An interdisciplinary field in materials science, ENGINEERING, and BIOLOGY, studying the use of biological principles for synthesis or fabrication of BIOMIMETIC MATERIALS.
Materials fabricated by BIOMIMETICS techniques, i.e., based on natural processes found in biological systems.
A biomineral consisting of layers of crystalized ARAGONITE, separated by interlamellar layers of organic matrix containing beta-CHITIN, and surrounded by an intercrystalline organic membrane of silk fibroin. Nacre is the iridescent substance better known as mother-of-pearl that is secreted by MOLLUSCS.
Works containing information articles on subjects in every field of knowledge, usually arranged in alphabetical order, or a similar work limited to a special field or subject. (From The ALA Glossary of Library and Information Science, 1983)
Carbonic acid calcium salt (CaCO3). An odorless, tasteless powder or crystal that occurs in nature. It is used therapeutically as a phosphate buffer in hemodialysis patients and as a calcium supplement.
A genus of pearl oysters in the family Pteriidae, class BIVALVIA. Both cultured and natural pearls are obtained from species in the genus. They are distinct from the distantly related, edible true oysters of the family OSTREIDAE.
Process by which organic tissue becomes hardened by the physiologic deposit of calcium salts.
Compounds that provide LUBRICATION between surfaces in order to reduce FRICTION.
The application of LUBRICANTS to diminish FRICTION between two surfaces.
A contagious disease caused by canine adenovirus (ADENOVIRUSES, CANINE) infecting the LIVER, the EYE, the KIDNEY, and other organs in dogs, other canids, and bears. Symptoms include FEVER; EDEMA; VOMITING; and DIARRHEA.
Planned management, use, and preservation of energy resources.
Diseases of the domestic dog (Canis familiaris). This term does not include diseases of wild dogs, WOLVES; FOXES; and other Canidae for which the heading CARNIVORA is used.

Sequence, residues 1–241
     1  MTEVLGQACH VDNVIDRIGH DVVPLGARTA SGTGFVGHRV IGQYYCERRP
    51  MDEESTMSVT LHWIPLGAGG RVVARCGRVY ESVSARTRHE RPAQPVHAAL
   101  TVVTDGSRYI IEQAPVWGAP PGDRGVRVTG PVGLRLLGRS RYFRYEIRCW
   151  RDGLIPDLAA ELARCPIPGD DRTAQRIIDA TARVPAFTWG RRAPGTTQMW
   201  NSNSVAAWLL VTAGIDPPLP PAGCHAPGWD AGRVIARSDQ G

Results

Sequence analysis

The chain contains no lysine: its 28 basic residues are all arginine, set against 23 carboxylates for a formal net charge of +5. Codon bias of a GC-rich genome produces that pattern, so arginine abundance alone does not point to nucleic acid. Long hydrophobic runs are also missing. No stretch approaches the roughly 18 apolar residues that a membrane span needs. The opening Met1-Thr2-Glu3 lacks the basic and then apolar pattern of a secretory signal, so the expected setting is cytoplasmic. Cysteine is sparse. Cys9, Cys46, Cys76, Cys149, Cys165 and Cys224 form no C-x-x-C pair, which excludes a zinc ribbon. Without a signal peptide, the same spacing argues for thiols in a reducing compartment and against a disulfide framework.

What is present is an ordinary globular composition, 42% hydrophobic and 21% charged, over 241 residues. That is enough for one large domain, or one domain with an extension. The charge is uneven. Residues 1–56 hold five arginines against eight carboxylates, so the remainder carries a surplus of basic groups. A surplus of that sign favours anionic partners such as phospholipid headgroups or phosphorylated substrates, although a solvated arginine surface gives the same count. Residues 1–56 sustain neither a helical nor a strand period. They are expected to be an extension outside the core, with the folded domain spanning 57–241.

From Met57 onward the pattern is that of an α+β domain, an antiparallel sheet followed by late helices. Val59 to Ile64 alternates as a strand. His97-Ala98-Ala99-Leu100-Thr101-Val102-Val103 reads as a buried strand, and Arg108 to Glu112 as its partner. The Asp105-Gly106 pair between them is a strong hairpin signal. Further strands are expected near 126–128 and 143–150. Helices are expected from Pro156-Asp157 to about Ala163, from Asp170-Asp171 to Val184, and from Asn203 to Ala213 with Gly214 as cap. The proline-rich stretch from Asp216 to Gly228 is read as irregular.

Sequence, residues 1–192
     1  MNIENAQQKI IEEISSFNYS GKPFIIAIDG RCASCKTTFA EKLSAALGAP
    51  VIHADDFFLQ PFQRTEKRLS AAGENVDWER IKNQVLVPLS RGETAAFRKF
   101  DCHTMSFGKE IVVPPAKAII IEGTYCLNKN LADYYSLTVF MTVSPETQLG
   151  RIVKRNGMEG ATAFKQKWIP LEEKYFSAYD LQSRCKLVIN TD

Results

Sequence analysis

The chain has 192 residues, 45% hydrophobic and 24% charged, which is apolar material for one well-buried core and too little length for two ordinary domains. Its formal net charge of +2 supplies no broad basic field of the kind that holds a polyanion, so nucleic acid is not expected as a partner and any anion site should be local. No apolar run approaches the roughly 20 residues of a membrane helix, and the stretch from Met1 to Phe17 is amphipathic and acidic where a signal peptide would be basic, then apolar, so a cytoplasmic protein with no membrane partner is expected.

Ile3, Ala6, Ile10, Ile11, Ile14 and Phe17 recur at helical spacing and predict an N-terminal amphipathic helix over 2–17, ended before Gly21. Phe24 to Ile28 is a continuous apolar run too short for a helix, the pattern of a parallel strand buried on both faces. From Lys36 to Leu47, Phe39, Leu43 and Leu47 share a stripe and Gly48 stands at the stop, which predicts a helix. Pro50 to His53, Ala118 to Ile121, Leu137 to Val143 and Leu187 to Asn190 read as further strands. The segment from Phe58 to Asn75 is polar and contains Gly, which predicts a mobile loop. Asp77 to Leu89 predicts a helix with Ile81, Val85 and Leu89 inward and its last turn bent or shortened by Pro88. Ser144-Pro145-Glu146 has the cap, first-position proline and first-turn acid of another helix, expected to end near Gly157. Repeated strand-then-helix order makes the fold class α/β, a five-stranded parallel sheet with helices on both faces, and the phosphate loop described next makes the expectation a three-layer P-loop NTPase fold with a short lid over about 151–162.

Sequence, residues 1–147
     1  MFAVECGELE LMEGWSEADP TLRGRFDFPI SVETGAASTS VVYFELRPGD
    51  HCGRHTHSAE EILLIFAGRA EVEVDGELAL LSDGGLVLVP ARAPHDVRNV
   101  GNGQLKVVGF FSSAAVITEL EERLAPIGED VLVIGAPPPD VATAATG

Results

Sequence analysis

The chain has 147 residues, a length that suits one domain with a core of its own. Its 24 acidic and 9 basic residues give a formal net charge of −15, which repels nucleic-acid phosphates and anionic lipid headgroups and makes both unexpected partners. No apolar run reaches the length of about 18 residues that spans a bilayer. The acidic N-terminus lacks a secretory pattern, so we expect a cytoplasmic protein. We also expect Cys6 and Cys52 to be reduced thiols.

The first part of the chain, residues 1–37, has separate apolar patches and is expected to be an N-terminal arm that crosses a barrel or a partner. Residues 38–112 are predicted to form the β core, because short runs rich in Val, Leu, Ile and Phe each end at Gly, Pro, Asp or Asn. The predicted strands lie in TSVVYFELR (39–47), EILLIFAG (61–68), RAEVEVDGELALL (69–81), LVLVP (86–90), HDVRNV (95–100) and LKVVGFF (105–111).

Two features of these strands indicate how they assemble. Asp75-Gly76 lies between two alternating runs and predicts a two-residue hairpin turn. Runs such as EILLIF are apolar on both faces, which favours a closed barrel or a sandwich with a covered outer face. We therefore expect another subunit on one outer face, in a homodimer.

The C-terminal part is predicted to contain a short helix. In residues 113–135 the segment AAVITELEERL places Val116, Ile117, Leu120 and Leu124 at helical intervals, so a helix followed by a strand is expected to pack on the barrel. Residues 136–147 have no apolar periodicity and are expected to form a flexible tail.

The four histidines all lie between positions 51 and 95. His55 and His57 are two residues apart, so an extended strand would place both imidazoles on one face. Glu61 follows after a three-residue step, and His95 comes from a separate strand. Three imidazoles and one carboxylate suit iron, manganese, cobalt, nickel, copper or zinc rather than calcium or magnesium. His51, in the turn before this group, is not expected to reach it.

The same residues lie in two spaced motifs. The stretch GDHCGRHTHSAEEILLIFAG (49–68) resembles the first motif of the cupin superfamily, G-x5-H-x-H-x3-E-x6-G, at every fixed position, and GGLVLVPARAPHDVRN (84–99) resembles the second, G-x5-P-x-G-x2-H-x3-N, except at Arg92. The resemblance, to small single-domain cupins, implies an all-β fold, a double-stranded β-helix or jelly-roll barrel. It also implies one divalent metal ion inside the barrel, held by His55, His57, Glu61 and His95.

The aggregate business enterprise of manufacturing textiles. (From Random House Unabridged Dictionary, 2d ed)
A publication issued at stated, more or less regular, intervals.
Individual's rights to obtain and use information collected or generated by others.
A quantitative measure of the frequency on average with which articles in a journal have been cited in a given period of time.
The use of statistical methods in the analysis of a body of literature to reveal the historical development of subject fields and patterns of authorship, publication, and use. Formerly called statistical bibliography. (from The ALA Glossary of Library and Information Science, 1983)
Disorders claimed as a result of military service.
Books used in the study of a subject that contain a systematic presentation of the principles and vocabulary of a subject.
Colloids with a solid continuous phase and liquid as the dispersed phase; gels may be unstable when, due to temperature or other cause, the solid phase liquefies; the resulting colloid is called a sol.
Compounds formed by the joining of smaller, usually repeating, units linked by covalent bonds. These compounds often form large macromolecules (e.g., BIOPOLYMERS; PLASTICS).
Techniques using energy such as radio frequency, infrared light, laser light, visible light, or acoustic energy to transfer information without the use of wires, over both short and long distances.